- Ordinance and law: Another part of property insurance, it covers the financial ramifications if your building is found to not be up to current state code. This coverage also applies in the event that you need to rebuild your restaurant, or if you're building one from the ground up, yourself. Handicap compliant features, fire safety equipment, and emergency exits are all factors, here.
- Boiler & machinery: Also known as "equipment insurance," it covers electric equipment in the building (e.g., AC units and boilers) that breaks down due to power surges, etc. Property insurance may cover this stuff, but not always.
- Spoilage: This coverage takes care of the replacement costs of food that spoils due to power outages caused by storms, surges, etc.
- Communicable disease: Covers any illnesses transmitted to customers due to improper hygiene of your employees.
Optional Add-Ons to Restaurant Insurance in Arkansas
It's good to know what basics are included in a typical restaurant insurance policy, but the fact is that the package might not cover all of your specific needs. Your independent insurance agent can find the right add-ons for your policy like a pro, but that doesn't mean you can't familiarize yourself with a few that you might need ahead of time, like:
- Commercial/business auto insurance: If you run a carry-out restaurant that makes deliveries, you'll want to look into getting coverage for your company vehicles for things like theft and vandalism. Your restaurant will also be held responsible for damage done by your driver while in a company vehicle. Food trucks will also need this coverage.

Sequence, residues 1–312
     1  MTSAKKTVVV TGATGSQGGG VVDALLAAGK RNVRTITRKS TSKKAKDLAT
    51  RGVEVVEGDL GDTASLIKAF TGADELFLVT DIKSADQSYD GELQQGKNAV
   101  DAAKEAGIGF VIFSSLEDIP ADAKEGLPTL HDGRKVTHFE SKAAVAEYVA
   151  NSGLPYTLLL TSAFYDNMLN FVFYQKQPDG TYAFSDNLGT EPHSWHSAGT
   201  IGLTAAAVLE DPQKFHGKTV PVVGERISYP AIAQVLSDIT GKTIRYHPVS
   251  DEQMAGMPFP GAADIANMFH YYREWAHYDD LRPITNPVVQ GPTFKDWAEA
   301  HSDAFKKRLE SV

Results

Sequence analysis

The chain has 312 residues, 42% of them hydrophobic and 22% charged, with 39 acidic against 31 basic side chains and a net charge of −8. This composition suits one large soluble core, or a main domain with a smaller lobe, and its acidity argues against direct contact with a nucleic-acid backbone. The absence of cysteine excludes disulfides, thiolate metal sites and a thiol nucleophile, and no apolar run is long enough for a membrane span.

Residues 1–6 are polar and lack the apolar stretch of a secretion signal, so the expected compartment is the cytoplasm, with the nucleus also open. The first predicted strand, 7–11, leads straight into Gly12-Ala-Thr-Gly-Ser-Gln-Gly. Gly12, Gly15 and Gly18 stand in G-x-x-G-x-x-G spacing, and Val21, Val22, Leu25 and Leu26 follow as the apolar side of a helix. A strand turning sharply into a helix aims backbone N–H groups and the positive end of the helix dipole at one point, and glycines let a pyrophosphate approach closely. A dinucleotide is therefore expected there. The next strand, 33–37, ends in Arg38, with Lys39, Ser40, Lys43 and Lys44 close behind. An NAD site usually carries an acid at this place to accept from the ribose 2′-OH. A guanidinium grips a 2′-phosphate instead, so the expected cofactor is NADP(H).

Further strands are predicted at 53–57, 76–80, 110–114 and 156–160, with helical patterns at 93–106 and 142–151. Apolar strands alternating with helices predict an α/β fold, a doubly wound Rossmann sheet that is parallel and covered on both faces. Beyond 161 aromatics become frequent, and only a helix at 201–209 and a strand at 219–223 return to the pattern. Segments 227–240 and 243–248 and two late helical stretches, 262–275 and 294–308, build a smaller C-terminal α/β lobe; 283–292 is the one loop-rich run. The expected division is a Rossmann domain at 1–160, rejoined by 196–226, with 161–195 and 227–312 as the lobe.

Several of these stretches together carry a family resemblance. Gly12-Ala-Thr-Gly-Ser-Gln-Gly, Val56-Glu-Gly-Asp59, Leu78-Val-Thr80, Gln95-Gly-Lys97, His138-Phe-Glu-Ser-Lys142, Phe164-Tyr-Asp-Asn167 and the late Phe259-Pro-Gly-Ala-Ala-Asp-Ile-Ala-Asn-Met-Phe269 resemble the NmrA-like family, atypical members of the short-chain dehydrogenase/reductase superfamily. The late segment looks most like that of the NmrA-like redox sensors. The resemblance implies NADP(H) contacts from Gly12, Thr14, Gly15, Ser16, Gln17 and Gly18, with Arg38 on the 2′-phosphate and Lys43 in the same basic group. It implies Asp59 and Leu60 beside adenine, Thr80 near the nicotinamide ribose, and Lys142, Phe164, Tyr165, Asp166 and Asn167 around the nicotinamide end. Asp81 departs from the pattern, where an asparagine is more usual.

- Coverage for signage: This protects your signage from things like weather and vandalism, since it's not typically covered under regular property insurance. It's especially important for restaurants with a drive-thru, with all the extra signage that could be damaged due to distracted or impaired drivers, or vandalism.
- Art floater insurance: This option exists mainly for the bigger/fancier restaurants with artwork on display. Scheduling an appraisal for the specific pieces you want to cover is the first required step. In case of fire or even theft, this coverage can help prevent having to pay for the replacements out of pocket.